I sat on his front porch, an 8 x 12 cement slab with an overhang, reading, watching the cars and trucks go by on the highway while he slept most of the time. I started paying attention to the crows. I'd buy apples and slice them into eight slices and throw them out on the lawn in front of the porch, at first some distance and closer to the porch gradually. Even got to where I'd put one on the porch and one of the crows, the same one every time, would step onto the porch very cautiously, pick it up and carry it to the grass to eat it there. They walked around in the grass in front of me. They would take an apple slice in one foot and peck at it. I noticed they even shared. One would peck on a slice for awhile and then leave it for one waiting its turn. They were a family of mama, papa and four young'uns. I felt like the younger ones were in their first year. They could only squawk and some of them followed mama wiggling their wings, beak open wanting mama to feed them. She would. One of them would not eat for itself. It was at her all the time wanting her to feed it. It got on her nerves. I saw her one time jump on him. She stood on one of his wings that was spread on the ground, other foot on his back, held him down and barked in his face for a long time, telling him in no uncertain terms, stop it. Next thing, he was at her fluttering his wings wanting her to feed him and she did. The young crow didn't seem to be very healthy. It gradually learned to peck at an apple slice. Over a period of time, I was able to throw a slice to the crow and he would not jump. He ate so much apple every day that he gradually came around and seemed to be about as healthy as the others. Any garbage from the kitchen went out the back door. A crow would be scouting somewhere nearby. Open the door, step out, sling the unused food onto the ground and here they'd come. I'd watch them from the kitchen window descend the long hill behind the house in a long glide low to the ground. The only things they did not eat were watermelon and cantaloupe rinds, onions and banana peels. Possums ate the rinds. The onions and banana peels rotted into the ground.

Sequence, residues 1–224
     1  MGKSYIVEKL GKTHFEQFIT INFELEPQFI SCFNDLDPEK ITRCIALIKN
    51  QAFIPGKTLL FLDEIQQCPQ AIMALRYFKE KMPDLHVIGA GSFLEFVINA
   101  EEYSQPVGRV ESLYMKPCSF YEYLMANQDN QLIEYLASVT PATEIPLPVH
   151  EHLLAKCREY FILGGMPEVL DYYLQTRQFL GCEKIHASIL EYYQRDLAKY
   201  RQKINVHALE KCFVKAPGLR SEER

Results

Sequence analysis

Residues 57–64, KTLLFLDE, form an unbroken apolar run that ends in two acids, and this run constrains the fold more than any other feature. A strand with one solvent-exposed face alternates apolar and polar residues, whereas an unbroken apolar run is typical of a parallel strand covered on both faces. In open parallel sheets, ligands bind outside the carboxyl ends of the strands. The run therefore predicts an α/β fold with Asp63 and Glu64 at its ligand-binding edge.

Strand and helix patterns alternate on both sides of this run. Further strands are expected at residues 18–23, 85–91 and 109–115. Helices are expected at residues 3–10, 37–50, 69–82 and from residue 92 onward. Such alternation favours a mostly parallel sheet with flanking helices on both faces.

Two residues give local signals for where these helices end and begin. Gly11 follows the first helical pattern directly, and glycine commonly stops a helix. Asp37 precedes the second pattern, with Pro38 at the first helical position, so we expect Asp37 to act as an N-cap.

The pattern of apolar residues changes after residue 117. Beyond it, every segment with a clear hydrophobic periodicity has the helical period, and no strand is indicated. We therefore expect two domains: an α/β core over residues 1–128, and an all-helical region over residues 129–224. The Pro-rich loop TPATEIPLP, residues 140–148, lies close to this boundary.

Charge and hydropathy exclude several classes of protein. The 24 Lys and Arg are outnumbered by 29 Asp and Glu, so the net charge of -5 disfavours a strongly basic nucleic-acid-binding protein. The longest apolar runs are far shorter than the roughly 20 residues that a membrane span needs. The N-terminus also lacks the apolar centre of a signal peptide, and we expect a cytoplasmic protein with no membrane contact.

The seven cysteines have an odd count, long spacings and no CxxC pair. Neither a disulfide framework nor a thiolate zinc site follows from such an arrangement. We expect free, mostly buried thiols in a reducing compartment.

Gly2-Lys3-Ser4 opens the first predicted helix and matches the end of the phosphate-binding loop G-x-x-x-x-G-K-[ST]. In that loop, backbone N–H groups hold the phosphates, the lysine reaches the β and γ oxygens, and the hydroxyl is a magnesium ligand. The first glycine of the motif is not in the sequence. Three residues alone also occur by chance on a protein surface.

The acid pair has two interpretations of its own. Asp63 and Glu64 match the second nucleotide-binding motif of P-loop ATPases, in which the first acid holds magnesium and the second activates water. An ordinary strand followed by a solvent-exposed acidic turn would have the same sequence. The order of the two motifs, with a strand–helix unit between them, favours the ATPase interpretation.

I studied them closely, not by the scientific method, but looking for the people in them, gradually able to tell the apart. I wanted to learn more about crows, so I found a book somebody was getting attention for at the moment about studying crows. I bought it excited to have a book full of crow knowledge. The first half of it was filler, writing about the publisher asking her to do it, she didn't know anything about crows. Pages and pages of supplies she bought for her study, told about her daughter being impatient with her for hanging her underwear on the clothesline. I quit reading half way into it. She had told nothing about crows and made it clear to me she had nothing to say. I sat through a Joe Cocker concert in 1976 expecting it to get better, it could only get better. After half a concert of waiting for it to get better, I left. I've finally learned that when something starts out bad and continues to be bad, it's not going to get better. That's how it was with the book. I told myself I'm on my own. There were other crow books, but that one put me off studying crows by second hand and third hand knowledge. It wasn't long before they walked casually up to the edge of the porch. I missed that family of crows after Jr's spirit left the body. Driving by on the highway, I always look to find a crow nearby in a tree or flying, one of my old friends. Back at home I started putting out sunflower seeds across the road by the mailbox to attract the crows. I can't get to know them like I did the others, which is kind of disappointing. However, I am able to be a part of the lives of the crow family that lives nearest by. I gradually put them at ease seeing I am not about hurting them. I let them know the human in their territory is a friendly, giving them treats they can depend on. It cracks me up when I'm late and they come calling to me. I have a family of red squirrels. They used to run through the trees out of sight when I stepped out the door. Now they go up a tree just out of my reach and watch.